Many of the clowns crowding our current political scene revile compromise, viewing civics as a zero-sum death match. They spend most of their time on the public dime posturing for the next election, toadying to special interests, and raising funds to savage the character and programs of their opponents.
This makes it hard to remember that for much of the 20th Century, most federal elected officials felt their job was to respect the people’s verdict in the last election by working together to craft optimal policies until the next election.They even had the odd notion that, while disagreements over domestic issues were permissible, the two parties could best ensure national security by presenting a strong and unified front in foreign relations.
A Republican Senator, Arthur Vandenberg (1884–1951), coined a once-famous phrase as shorthand for that quaint but constructive concept: “politics stops at the water’s edge.”
In the last decade of his life, the eminent Michigander helped wean his party from its isolationist traditions and join with Democrats to form an enduring foreign policy consensus. That bipartisan unity achieved victory in World War II, created the United Nations, and effectively contained Communism during the Cold War.
Vandenberg first worked in journalism. As editor and publisher of the Grand Rapids Herald, he promoted the Progressive policies of Theodore Roosevelt and William Howard Taft, but later followed the GOP into increasing conservatism and isolationism.
The Michigander kept an open mind on domestic policy during the Great Depression; the economic crisis struck shortly after Vandenberg entered the Senate in 1928. He loyally supported Herbert Hoover publicly, but privately expressed frustration at the Republican president’s ineffectiveness. After Franklin Roosevelt took office, the Senator opposed some New Deal policies, but supported others he regarded as sensible and conducive to economic recovery, like Social Security. Vandenberg’s amendment to the Glass-Steagal Act created the FDIC, which still insures our savings against bank failures.
It took the Michigander much longer to grow beyond isolationism. As a member of the Nye Committee, Vandenberg concluded that US involvement in the Great War had been a grave mistake. He supported the Neutrality Acts, a series of restrictions designed to prevent future entanglement in overseas conflicts. The Senator harshly criticized FDR’s efforts to revise and circumvent the Neutrality Acts to help Britain fight Hitler.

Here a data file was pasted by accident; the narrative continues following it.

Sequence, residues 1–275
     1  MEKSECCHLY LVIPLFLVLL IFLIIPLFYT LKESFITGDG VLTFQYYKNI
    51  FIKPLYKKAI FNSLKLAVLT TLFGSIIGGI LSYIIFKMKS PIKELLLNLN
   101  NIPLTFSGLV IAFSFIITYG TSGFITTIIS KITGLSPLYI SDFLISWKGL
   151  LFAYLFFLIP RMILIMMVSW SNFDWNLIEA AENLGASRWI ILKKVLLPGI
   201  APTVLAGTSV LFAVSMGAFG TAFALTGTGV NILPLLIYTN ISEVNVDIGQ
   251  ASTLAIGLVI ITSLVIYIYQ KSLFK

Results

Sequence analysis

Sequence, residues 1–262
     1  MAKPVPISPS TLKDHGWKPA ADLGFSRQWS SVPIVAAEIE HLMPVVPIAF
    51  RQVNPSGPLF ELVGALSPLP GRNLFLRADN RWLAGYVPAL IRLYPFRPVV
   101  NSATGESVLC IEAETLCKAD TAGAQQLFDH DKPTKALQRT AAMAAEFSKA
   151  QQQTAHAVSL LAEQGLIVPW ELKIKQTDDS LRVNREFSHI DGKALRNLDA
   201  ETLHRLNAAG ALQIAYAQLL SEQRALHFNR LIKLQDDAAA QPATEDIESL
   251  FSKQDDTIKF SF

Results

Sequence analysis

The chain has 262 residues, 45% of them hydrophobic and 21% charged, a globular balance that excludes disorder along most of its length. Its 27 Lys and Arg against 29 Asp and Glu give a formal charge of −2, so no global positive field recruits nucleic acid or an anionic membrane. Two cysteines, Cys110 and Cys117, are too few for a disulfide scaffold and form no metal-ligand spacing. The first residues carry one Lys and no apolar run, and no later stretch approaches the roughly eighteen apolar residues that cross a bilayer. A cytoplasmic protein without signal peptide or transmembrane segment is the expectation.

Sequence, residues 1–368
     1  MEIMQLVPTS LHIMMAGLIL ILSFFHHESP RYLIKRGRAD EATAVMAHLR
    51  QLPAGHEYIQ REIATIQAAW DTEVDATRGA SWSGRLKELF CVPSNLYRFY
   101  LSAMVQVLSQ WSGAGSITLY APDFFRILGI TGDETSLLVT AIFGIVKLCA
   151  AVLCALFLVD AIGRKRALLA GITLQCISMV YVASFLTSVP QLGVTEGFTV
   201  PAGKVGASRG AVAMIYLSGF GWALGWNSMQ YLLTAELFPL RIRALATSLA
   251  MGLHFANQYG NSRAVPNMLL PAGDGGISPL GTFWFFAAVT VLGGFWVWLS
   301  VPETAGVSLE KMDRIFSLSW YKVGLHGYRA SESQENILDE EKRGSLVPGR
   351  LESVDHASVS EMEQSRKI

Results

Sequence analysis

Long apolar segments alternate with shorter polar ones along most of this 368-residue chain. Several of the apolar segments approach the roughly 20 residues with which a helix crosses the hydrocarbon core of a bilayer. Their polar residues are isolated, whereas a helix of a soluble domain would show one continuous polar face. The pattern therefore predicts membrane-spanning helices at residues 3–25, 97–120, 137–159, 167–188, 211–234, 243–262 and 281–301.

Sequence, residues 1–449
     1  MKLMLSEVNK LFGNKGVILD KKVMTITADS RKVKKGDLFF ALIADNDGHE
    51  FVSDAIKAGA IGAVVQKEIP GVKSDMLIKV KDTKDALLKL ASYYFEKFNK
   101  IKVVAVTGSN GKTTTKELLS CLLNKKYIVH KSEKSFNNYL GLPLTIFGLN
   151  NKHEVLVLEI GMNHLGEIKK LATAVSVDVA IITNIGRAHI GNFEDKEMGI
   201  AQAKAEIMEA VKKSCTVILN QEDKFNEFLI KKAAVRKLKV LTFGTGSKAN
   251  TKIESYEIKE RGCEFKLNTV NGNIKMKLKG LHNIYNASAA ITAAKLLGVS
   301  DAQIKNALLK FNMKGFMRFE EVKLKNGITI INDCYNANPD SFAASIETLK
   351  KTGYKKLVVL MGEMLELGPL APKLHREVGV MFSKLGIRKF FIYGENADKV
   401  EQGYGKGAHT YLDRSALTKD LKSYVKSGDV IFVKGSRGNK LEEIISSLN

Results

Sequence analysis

Finally, the shock of Pearl Harbor shook Vandenberg out of isolationism. He came to recognize that only strong and enduring alliances could provide reliable security in an increasingly dangerous world. However, most Republicans remained reflexively opposed to anything more than temporary international engagement.
Vandenberg therefore moved deliberately to wean his party away from isolationism. The turning point came in a major speech he delivered in the Senate on January 10, 1945. By then, it was clear that the Allies were winning World War II, but while Britain and the US were liberating Western Europe, Stalin cynically replaced Nazi oppression with Communist domination in the East.
In his speech, the Republican reminded Americans what they were fighting for by affirming the internationalist vision of Woodrow Wilson and FDR:
“We still propose to help create the postwar world on a basis which shall stop aggressors for keeps and, so far as humanly possible, substitute justice for force among freemen. We propose to do it primarily for our own sake. We still propose also, to substitute justice for force — if we can — in writing the peace which terminates this war when we deal with the victims of Axis tyranny. That is the road to permanent peace. We still propose that none of the [Allies] shall seek aggrandizement, territorial, or otherwise…. We still propose, outside the Axis, that there shall be no territorial changes which do not accord with the freely expressed wishes of the people concerned. Similarly we still propose to respect the right of all peoples to choose the form of government under which they will live. We still propose to see sovereign rights and self-government restored to those who have been forcibly deprived of them, if it lies within our power….